According to some religious and political leaders, a nonpartisan school board election in Grapevine-Colleyville, a suburb 20 miles northwest of Dallas, has turned into a spiritual battle between the forces of good and evil.
Concerns Over Christian Nationalism
NBC News reported that a well-funded campaign to promote Christianity in the Grapevine-Colleyville Independent School District (GCISD) had divided residents and alarmed religious liberty advocates who opposed the growing trend of Christian nationalism in the United States.
Robert Morris, a megachurch pastor and spiritual adviser to former President Donald Trump, told his congregation during a Sunday worship service that Satan was working in the GCISD and other area schools. He then shared the names of Christian school board candidates who would stand against these demonic forces.
As mentioned, David Barton, a prominent figure in the Christian nationalist movement, gave a speech at a local theater in which he called on Christians to “take the offensive” to restore prayer and biblical values to public schools.
He argued that the United States was founded as a Christian nation and that the separation of church and state is a myth. He also claimed that the decline of America was due to the fall of Christianity and that the only way to save the country was to return to its Christian roots.
Moreover, Rafael Cruz, a pastor and the father of U.S. Sen. Ted Cruz, R-Texas, urged believers at a church-based political rally to vote for “committed Christians” to “reclaim territory that the devil has stolen from us.” This coordinated campaign has divided the community into three slates of candidates.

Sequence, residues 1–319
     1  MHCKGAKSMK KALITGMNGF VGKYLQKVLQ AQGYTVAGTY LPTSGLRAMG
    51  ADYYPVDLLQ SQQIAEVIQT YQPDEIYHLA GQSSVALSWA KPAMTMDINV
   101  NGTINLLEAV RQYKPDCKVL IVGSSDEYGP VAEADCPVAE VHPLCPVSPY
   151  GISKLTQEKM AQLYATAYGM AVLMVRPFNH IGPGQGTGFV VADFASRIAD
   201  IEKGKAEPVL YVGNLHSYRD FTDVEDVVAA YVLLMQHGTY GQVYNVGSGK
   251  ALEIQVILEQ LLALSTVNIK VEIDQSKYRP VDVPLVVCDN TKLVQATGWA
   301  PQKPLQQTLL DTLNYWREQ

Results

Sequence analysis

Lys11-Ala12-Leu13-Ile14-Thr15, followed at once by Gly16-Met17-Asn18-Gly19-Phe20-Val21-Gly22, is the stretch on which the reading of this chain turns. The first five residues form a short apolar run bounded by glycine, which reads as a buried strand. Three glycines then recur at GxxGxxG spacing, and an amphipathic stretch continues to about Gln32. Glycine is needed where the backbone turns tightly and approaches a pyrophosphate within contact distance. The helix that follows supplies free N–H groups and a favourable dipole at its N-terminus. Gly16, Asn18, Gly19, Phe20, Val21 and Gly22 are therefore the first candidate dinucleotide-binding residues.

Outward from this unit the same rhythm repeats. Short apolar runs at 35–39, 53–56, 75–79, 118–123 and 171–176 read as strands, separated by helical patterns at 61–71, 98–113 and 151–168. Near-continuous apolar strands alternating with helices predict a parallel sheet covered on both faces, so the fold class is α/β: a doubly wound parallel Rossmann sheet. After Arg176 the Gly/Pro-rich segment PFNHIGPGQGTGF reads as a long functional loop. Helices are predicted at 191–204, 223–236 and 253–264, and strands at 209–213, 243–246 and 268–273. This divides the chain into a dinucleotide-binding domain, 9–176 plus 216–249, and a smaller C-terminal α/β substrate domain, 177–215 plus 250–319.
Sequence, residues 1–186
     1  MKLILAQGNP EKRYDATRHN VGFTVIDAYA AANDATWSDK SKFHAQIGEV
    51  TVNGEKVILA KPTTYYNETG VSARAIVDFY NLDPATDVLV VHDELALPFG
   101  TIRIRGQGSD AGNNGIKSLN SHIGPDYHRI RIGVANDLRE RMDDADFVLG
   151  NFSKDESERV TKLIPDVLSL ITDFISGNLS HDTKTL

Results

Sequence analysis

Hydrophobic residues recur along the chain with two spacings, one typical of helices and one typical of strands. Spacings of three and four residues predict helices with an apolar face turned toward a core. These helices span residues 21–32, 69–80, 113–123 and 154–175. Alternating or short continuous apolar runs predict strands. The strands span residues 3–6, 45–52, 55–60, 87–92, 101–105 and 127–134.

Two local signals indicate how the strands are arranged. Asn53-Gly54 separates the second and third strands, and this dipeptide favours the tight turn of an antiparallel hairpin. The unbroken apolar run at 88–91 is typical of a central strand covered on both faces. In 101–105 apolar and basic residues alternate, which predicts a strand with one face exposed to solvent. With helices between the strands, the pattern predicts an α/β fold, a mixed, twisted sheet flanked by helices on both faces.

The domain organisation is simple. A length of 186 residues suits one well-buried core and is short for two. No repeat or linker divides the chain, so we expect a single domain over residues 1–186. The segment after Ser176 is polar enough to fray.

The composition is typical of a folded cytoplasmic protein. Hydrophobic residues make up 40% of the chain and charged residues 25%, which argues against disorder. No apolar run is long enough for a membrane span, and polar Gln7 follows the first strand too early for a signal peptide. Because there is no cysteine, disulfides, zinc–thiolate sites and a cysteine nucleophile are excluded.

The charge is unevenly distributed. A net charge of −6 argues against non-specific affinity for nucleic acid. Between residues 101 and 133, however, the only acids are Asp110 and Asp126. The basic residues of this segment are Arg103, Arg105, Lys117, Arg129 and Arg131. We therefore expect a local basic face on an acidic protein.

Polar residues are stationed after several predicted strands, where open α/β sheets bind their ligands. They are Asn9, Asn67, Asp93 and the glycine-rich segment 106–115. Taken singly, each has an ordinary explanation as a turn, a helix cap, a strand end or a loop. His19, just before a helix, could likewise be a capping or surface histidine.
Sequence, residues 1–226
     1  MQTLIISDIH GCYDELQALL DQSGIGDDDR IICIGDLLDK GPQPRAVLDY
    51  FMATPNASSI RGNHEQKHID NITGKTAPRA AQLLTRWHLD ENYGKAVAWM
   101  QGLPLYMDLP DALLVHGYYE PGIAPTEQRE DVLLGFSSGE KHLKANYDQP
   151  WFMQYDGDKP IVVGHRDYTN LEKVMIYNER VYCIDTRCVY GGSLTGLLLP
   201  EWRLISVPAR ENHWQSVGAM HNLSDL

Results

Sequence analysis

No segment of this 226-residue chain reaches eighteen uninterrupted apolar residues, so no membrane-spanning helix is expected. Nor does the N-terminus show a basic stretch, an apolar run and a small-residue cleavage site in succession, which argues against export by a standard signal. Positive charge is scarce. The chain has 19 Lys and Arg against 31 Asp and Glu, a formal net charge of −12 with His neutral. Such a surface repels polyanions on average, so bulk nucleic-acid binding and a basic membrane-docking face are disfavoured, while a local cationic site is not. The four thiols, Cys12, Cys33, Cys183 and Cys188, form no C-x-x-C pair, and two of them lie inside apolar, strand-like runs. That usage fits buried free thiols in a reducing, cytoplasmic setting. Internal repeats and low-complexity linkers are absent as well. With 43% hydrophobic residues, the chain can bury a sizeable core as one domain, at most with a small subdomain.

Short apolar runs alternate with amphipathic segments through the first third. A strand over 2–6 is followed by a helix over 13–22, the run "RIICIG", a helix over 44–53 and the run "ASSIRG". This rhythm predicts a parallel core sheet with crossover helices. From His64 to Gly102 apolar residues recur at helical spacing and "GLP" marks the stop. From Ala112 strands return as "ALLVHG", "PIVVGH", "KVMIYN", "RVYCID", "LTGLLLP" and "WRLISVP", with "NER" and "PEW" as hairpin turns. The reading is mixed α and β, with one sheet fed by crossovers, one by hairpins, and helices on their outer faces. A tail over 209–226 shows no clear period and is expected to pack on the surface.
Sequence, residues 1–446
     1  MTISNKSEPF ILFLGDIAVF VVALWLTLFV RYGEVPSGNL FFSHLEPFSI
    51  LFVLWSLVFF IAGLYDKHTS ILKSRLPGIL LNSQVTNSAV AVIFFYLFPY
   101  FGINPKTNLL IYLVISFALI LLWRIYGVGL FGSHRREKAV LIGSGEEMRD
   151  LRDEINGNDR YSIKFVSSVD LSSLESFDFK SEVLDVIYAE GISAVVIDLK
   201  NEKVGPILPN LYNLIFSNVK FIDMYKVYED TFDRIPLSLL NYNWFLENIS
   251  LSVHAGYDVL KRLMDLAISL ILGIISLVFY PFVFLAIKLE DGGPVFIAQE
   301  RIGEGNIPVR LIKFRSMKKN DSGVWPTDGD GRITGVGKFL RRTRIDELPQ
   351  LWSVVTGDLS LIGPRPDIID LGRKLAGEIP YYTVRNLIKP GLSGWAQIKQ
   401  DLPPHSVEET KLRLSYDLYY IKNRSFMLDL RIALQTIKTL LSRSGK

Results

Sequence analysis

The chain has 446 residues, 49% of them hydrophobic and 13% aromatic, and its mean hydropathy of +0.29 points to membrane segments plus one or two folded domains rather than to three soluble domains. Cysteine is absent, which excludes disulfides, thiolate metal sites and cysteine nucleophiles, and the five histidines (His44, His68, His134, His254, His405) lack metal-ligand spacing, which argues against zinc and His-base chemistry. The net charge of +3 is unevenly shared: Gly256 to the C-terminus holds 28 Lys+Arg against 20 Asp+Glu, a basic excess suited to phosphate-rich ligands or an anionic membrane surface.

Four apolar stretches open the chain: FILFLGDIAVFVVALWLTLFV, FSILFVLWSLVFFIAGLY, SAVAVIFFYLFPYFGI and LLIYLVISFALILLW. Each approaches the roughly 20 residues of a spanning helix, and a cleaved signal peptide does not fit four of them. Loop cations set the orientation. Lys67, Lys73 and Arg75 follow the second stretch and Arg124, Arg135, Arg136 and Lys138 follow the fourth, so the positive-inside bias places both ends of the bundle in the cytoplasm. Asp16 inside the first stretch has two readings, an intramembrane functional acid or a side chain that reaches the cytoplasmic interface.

In addition, Kimberly Phoenix, a parent in Grapevine-Colleyville, is running for school board with the support of organizations that oppose teaching religion in schools. She has pledged to reverse the district’s changes that include restrictions on discussions of gender and race. Phoenix believes that outside groups have divided the community by spreading unfounded fears that teachers are indoctrinating students with non-religious values.
The deep-seated conflict in Grapevine-Colleyville is a microcosm of the more extensive national debate over LGBTQ inclusion in education and the role of public schools.
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The rise in Christian nationalism raises concerns among religious liberty advocates and scholars who warn that it could lead to the erosion of democracy and the marginalization of minority groups. According to Time Magazine, the popularity of Christian nationalism should be seen as a “wake-up call” for Americans who value pluralism and democracy.
Christian nationalism is often associated with the idea that Christianity should play a central role in American politics and policy-making. Supporters of this ideology believe that the country was founded as a Christian nation and that Christian principles should guide its laws and policies.
Critics of Christian nationalism argue that this ideology can be exclusionary and divisive, leading to the marginalization of minority groups who do not share the same religious beliefs. They also say it can undermine the separation of church and state, a cornerstone of American democracy.
Furthermore, the survey conducted by NPR and Ipsos found that the support for Christian nationalism was higher among older, white, and rural Americans and those who identified as evangelical Christians. However, the study also found that a significant minority of Democrats and independents supported the idea that the United States is a Christian nation.
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